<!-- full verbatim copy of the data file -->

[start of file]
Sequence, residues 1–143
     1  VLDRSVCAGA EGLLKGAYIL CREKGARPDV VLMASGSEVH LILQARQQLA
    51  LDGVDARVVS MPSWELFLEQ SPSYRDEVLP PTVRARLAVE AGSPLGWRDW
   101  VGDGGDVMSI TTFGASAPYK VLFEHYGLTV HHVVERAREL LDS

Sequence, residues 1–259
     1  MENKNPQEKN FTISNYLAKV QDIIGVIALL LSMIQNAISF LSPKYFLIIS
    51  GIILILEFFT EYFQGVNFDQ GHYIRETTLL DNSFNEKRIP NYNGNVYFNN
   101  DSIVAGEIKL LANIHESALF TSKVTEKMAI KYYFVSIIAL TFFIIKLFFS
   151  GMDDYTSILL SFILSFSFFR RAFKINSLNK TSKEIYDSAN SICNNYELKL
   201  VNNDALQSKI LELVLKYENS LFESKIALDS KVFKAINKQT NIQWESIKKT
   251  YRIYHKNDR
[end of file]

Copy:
Sequence, residues 1–143
     1  VLDRSVCAGA EGLLKGAYIL CREKGARPDV VLMASGSEVH LILQARQQLA
    51  LDGVDARVVS MPSWELFLEQ SPSYRDEVLP PTVRARLAVE AGSPLGWRDW
   101  VGDGGDVMSI TTFGASAPYK VLFEHYGLTV HHVVERAREL LDS

Sequence, residues 1–259
     1  MENKNPQEKN FTISNYLAKV QDIIGVIALL LSMIQNAISF LSPKYFLIIS
    51  GIILILEFFT EYFQGVNFDQ GHYIRETTLL DNSFNEKRIP NYNGNVYFNN
   101  DSIVAGEIKL LANIHESALF TSKVTEKMAI KYYFVSIIAL TFFIIKLFFS
   151  GMDDYTSILL SFILSFSFFR RAFKINSLNK TSKEIYDSAN SICNNYELKL
   201  VNNDALQSKI LELVLKYENS LFESKIALDS KVFKAINKQT NIQWESIKKT
   251  YRIYHKNDR